Monday, August 25, 2008


I am presently watching the film Stop-Loss. I haven't finished it yet--I'm little more than 1/4 through it--so I might alter my opinion on this. Nonetheless, I'm going to shoot from the hip on this one.

The story seems to be that a distinguished soldier is about to be discharged from service, but is instead set to redeploy to Iraq due to a clause in his contract known colloquially as "stop-loss"--to stop too many able soldiers from leaving during a time of war. He protests, saying that since the president declared the war over (I presume this is a reference to Bush's infamous "mission accomplished" fiasco), the clause is invalid as it is no longer a time of war.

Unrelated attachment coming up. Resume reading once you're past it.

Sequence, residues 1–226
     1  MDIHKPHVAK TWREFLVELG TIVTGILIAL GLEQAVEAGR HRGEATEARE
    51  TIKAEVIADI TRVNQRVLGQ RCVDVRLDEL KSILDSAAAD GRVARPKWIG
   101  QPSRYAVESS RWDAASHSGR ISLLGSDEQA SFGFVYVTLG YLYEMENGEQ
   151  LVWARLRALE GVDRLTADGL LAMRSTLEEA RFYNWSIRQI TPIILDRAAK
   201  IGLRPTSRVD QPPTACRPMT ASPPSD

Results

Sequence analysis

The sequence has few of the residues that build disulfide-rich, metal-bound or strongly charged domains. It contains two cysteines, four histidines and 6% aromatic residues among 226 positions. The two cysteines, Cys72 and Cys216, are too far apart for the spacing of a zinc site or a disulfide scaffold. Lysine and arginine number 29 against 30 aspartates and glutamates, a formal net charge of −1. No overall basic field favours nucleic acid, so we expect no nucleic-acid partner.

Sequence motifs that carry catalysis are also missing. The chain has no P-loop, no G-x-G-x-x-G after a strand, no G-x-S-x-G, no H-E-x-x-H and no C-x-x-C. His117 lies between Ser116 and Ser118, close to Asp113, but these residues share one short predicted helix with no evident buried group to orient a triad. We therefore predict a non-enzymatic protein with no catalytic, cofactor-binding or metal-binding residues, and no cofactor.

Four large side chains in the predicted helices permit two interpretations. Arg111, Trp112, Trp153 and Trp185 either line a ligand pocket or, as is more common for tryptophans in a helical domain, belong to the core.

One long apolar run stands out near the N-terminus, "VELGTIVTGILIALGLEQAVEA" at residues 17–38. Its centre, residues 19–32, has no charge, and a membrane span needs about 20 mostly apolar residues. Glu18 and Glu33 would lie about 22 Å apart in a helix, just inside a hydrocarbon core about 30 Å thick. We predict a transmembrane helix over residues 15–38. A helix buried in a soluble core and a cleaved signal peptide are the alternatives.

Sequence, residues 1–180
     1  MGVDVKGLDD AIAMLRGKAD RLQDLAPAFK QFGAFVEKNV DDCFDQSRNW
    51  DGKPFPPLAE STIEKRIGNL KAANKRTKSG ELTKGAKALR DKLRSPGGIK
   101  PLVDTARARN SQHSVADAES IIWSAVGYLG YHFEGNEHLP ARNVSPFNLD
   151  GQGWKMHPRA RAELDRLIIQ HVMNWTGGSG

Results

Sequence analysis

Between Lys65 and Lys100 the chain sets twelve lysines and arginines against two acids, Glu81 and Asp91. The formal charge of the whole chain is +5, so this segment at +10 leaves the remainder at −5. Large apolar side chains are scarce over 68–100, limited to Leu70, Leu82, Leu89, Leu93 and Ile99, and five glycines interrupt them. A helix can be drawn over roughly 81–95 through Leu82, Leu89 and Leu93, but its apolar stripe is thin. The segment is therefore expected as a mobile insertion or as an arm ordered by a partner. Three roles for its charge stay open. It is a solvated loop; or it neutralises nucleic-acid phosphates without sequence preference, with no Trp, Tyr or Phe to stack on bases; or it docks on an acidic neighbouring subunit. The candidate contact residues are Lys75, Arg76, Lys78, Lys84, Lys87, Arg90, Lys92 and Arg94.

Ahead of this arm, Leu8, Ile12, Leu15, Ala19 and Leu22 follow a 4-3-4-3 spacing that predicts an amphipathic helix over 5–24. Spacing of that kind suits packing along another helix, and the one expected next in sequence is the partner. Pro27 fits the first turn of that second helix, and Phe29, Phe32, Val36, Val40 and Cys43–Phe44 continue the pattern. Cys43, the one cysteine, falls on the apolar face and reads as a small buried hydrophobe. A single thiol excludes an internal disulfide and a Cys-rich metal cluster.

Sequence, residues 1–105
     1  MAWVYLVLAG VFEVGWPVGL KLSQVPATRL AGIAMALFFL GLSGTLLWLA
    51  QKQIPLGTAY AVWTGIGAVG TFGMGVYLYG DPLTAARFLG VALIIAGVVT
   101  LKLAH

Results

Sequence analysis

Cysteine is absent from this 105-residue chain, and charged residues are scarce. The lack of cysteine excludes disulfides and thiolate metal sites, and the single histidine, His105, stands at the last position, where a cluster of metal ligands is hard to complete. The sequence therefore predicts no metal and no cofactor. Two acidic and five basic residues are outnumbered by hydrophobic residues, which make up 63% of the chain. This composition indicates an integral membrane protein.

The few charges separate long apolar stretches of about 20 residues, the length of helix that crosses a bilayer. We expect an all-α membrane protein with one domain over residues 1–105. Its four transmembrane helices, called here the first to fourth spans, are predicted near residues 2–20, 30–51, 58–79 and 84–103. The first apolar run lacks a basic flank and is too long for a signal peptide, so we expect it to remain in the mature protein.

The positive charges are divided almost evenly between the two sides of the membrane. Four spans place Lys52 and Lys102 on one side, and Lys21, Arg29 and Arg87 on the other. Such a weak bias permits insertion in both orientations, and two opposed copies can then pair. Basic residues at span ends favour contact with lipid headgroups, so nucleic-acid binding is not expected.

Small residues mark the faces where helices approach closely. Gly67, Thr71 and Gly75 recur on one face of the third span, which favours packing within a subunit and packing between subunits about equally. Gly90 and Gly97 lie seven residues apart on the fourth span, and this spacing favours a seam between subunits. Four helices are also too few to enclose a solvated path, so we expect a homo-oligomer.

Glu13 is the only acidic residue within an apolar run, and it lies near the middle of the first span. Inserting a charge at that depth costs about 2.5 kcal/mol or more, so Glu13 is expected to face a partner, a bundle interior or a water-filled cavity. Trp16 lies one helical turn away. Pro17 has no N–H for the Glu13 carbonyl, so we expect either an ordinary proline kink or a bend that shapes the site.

Since the president cannot declare war (read the Constitution: Article 1, Section 8, Clause 11?--it's Congress's power), he cannot end it. Article II, Section 2, Clause 2 says that the president has the power to make treaties "with the advise and consent of the Senate . . . provided two-thirds of the Senators present concur."

Based upon what I've seen so far, I sympathize with the soldier, but his legal/constitutional argument is not valid.

The moral of this story--based upon the 39 minutes that I have thus watched--is that the government should not be trusted.

By the way, that's the moral of the story in the history of every government that has ever existed and will ever exist.

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